I'M NOT SURE WHAT TO DO WITH LAUGHTER. I mean, I do it, but I'm not sure if it means anything. I read a psalm once where the writer daydreamed about the time when the mouths of God's people were filled with laughter. Something about that always felt beautiful to me, like they couldn't stop laughing if they tried. Recently, I've found myself wondering how they got there in the first place.
I don't know when it switched if I'm honest. I think it's part of being human to assume the past was this dreamy haze of good things, especially when you feel like you're in a low place. I know my last two years of high school had lots of boring moments: brushing teeth, staring at the pantry waiting for Cheez-its to appear, feeling my face flush with embarrassment after awkward conversations, and other things like them.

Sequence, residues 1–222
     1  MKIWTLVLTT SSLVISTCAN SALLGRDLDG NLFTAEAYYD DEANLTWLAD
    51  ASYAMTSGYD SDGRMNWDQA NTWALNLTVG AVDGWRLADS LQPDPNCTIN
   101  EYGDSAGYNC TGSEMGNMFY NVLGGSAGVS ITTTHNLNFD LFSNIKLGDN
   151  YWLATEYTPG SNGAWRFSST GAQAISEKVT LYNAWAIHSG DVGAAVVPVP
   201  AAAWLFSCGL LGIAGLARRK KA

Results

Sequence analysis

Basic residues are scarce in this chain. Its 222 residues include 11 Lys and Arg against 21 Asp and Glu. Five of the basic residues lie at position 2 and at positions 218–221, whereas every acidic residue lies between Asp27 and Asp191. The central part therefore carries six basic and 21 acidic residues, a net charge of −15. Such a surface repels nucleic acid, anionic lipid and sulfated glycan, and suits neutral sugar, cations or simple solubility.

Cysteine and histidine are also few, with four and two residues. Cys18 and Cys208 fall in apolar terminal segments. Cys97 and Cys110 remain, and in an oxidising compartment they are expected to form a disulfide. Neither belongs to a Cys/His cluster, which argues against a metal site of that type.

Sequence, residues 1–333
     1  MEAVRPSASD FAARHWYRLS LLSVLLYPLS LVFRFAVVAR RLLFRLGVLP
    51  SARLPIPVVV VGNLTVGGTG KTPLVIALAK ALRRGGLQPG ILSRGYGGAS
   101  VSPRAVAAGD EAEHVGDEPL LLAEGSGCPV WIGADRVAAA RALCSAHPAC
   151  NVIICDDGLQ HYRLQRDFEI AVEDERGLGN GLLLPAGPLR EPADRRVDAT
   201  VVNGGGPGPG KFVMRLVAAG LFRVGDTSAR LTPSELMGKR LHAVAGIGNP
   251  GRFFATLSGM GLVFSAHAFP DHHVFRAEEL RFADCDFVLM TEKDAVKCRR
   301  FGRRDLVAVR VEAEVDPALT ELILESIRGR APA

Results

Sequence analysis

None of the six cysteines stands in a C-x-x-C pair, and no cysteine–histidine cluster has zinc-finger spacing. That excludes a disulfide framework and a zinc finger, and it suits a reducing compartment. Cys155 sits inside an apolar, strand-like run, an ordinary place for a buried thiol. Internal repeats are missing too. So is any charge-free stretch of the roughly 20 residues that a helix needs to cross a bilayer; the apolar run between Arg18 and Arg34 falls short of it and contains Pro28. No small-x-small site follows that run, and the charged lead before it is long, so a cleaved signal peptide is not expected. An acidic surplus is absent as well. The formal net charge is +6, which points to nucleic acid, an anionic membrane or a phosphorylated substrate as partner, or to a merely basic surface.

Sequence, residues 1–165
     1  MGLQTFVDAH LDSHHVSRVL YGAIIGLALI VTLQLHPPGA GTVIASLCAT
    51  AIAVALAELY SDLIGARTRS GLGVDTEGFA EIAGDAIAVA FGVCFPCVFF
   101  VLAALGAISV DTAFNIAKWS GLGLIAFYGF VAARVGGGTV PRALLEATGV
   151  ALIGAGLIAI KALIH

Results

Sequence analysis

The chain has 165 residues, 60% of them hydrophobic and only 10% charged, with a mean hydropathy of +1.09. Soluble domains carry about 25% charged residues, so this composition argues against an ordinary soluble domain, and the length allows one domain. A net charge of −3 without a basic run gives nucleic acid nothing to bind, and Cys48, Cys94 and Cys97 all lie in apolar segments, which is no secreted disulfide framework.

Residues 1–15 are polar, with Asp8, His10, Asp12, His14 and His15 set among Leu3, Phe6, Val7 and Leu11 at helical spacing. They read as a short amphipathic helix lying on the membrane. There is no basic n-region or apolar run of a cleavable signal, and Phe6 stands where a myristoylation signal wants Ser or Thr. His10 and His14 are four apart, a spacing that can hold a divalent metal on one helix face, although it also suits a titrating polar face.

But when I daydream, I mostly think about the time when God filled my mouth with laughter. I sure do remember laughing lots, and sometimes it seemed like it was for really ordinary things, like seeing the milky moonlight splash onto the boring stretches of suburban grass in my old neighborhood. And it feels beautiful, but only in the bittersweet way that memories do.
In a way, I guess, laughter's a word I've been trying for the last six years to figure out the punctuation. And if the last two years of high school had put an exclamation, the first two were a big, sweaty question mark.
Few people believe laughter is spiritual. The ones that do mostly think it's bad. The ancient Indian dramatist Bharata once made up a range of laughter, from a faint smile to the kind that makes you fall over and burst out in tears. The harder you laughed, the harder you fell into something gross, sensual, and degrading. Go into the Western world, and some said there was no clear religious ground for laughter in its entire tradition.